8. Andrew McCutchen, Pittsburgh Pirates (24): One of the centrepieces of the Pirates’ promising young core, McCutchen is on cusp of becoming one of the game’s best players. Last year – first full season in the majors – his extra-base pop slipped a bit, as did his walk rate and stolen base success rate, but he also significantly trimmed his strikeout rate. It’s not unreasonable to go ahead and grab McCutchen as early as the second round of your Fantasy draft this spring, because he has that kind of upside. – RR

9. Jayson Werth, Washington Nationals (17): Werth has left the Phils, opening a spot for Domonic Brown, as he was lured by a ridiculously large contract from the Nationals, who were obviously desperate to make a splash (or at least do their best drunken sailor imitation). Werth is coming off a season that produced mixed results. Lots of his homers turned into doubles, his stolen base total slipped, his RBI dropped substantially and his walk rate dipped slightly. But he set a new career high with 106 runs, had more hits and doubles than ever before, raised his BA substantially and put up a career-best 920 OPS. No, he won’t be hitting in star-studded lineup anymore, but it’s hard to ignore the fact that among right-handed hitting outfielders only Braun has smacked more homers over the past three seasons combined. Whether Werth will come close to being worth the $126 million Washington will give him over the next seven years is a valid question, but don’t worry about his Fantasy value for the short-term future. – RR

10. Nelson Cruz, Texas Rangers (31): This dude sure can smoke a baseball, but his hammies have caused him seemingly incessant grief. Still, when he was healthy, Cruz raked, although he didn’t receive nearly as much attention for his exploits because one of his outfield mates in Texas was putting up an MVP season. A 950 OPS? Woah. Now just imagine the numbers Cruz would accumulate if he could just stay healthy enough to play 130 games, a threshold he has yet to reach in his big league career. I love the fact that he significantly cut his strikeout rate last year, something that helped his BA spike back after slipping in 2009. If that’s a trend that continues, and Cruz can avoid major injury, he might even give Hamilton a run for his money as the best outfielder in Texas. – RR

11. Jay Bruce, Cincinnati Reds (32): There’s a chance that Bruce will take over the clean-up spot in Cincy, taking his place in the batting order behind defending NL MVP Joey Votto. The Reds obviously believe in Bruce’s ability to take it to the next level, penning him to a whopping six-year extension this winter. Last year, the youngster set career highs across the board, and he really came alive in the second half, spanking 15 homers in just 186 at-bats while batting .306. In time, Votto might not be the only current Red to own an MVP trophy. Yes, Bruce has a chance to be that good. – RR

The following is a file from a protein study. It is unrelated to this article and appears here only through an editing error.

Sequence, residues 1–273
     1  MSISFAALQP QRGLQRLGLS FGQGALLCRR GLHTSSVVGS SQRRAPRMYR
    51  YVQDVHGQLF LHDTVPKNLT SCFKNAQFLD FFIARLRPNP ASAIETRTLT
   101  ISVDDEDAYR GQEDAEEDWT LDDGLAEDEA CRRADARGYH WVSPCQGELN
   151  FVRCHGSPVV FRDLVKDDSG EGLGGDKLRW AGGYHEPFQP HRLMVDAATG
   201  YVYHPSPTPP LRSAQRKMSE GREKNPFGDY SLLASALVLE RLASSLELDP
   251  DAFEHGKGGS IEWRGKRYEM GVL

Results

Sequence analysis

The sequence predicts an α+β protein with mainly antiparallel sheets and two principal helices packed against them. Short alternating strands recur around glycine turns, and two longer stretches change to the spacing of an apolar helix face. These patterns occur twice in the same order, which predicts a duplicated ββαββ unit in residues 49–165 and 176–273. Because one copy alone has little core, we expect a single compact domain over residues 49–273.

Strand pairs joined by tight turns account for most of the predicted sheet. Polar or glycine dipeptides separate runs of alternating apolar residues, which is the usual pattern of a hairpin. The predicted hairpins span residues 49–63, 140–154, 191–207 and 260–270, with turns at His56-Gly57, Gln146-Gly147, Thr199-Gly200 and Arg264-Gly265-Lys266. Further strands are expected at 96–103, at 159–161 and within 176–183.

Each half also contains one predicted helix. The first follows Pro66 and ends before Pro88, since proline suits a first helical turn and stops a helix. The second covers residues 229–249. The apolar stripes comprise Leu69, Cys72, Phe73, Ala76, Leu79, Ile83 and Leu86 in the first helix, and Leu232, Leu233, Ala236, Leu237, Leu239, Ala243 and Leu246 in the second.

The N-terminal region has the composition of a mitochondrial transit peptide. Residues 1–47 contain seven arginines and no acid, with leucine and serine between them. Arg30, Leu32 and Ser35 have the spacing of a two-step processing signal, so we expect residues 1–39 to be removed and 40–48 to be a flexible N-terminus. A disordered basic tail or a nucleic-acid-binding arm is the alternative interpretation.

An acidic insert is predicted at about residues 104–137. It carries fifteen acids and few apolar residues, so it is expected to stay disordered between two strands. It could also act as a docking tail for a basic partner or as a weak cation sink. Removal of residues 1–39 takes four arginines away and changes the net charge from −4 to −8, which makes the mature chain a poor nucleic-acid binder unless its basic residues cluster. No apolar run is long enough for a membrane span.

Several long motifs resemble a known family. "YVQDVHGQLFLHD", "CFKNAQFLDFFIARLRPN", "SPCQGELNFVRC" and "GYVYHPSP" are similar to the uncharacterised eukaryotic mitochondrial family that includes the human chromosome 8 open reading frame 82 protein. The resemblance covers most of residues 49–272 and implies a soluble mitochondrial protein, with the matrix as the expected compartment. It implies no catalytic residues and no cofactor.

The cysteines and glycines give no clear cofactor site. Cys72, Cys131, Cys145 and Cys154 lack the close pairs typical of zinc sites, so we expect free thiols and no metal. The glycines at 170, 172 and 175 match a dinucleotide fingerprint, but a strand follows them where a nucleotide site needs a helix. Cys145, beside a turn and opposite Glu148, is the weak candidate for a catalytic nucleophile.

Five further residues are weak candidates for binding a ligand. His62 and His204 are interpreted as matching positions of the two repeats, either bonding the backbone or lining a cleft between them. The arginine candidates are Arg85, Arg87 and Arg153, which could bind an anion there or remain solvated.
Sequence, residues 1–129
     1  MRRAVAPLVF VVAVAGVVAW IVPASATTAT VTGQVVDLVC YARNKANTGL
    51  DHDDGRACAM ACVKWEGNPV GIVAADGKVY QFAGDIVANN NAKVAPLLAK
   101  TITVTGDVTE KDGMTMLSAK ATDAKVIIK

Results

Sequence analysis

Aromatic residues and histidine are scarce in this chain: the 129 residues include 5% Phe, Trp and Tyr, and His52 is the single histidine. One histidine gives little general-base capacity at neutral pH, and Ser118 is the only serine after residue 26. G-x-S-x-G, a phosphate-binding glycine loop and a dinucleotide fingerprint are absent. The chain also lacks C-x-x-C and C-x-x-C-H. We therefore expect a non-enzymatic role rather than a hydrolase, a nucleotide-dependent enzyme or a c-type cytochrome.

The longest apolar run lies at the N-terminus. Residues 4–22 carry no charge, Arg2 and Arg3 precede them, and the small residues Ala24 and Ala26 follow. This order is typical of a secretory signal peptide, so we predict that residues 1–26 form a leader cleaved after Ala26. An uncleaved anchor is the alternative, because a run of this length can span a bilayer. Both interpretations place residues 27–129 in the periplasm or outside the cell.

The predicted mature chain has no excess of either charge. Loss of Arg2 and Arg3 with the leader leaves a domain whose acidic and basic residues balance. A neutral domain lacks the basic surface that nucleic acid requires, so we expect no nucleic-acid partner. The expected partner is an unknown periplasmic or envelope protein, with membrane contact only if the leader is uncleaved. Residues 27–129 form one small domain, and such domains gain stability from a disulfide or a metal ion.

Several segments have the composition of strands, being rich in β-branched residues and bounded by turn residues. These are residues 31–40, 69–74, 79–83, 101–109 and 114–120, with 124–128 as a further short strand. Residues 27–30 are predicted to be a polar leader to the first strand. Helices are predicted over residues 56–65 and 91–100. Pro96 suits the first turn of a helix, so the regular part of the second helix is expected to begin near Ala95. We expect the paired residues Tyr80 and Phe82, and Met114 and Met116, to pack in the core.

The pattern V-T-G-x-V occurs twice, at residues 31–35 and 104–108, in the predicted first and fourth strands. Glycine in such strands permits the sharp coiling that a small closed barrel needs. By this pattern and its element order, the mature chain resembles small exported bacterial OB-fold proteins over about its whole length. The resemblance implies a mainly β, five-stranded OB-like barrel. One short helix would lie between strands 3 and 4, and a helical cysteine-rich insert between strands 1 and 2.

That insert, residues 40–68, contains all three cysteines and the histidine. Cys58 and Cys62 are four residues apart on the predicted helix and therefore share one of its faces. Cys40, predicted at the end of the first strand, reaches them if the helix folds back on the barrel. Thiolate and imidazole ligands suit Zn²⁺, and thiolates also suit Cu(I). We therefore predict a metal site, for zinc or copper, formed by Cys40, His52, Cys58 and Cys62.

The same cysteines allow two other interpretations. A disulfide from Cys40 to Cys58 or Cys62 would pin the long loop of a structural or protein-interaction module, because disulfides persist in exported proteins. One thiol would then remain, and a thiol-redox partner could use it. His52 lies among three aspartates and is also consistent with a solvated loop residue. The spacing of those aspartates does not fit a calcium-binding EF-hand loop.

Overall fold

12. Hunter Pence, Houston Astros (27): Pence’s nice second half helped the Astros go from pathetic to slightly less than terrible. This consistent source of power banged out exactly 25 dingers for the third straight season, while cutting down on his strikeout rate last year. Unfortunately, Pence’s walk rate also dipped as he took a more aggressive approach after showing the best patience of his career in 2009. He’s enjoying a nice spring, and seems to be using the whole field, which is a trend that can help him make a run at .300 for the first time since his rookie season. – RR

13. Alex Rios, Chicago White Sox (58): After struggling in 2009, Rios enjoyed a fine bounce back campaign last year, setting new personal bests in RBI and steals. Strangely, the right-handed hitting Rios did more damage against right-handed pitching last year, so if he can get back to his normal levels of production against southpaws and maintain his big numbers vs. righties, he could be in line for a monster season. Rios brings a great bevy of all-around skills to the table, making him a very fine No. 2 outfield option for your Fantasy team. – RR

14. Justin Upton, Arizona Diamondbacks (6): Upton endured some struggles early on last season, but turned things around in June and July before he headed back into a tailspin in August and then enduring a shoulder injury that cost him almost all of September. We’ll give this talented youngster a mulligan, because if healthy this year, he’s capable of returning to and surpassing his 2009 form. I do like the fact that Upton took a more patient approach last year and given his immense upside, this is another player that you need to start considering as early as Round Three, as he has the potential to return second round value if he can bounce back. – RR

15. Jason Heyward, Atlanta Braves (33): A year ago at this time, Heyward was atop our Top 45 Prospects list before graduating to the majors last year. The 2010 NL ROY runner up, Heyward was near the top of the class of a fine rookie crop in the NL East as he showed promising extra-base power and punished right-handed pitching to the tune of an 895 OPS. You can expect this budding star to show massive improvements this year – especially in the RBI department, as he’ll likely be moving down from the two-hole into the middle of the batting order where he’ll have far more opportunities to drive in runs. – RR

16. Andre Ethier, Los Angeles Dodgers (9): Health was a factor for Ethier last year, as he tried to play through a broken finger as was never really able to duplicate his torrid early-season pace after the injury. His OPS of 774 with just nine homers after the break really hurt his owners, but he should be fully healthy this season. Ethier has accepted his role as a leader on the team this year, and that should translate into an increased level of production. – RR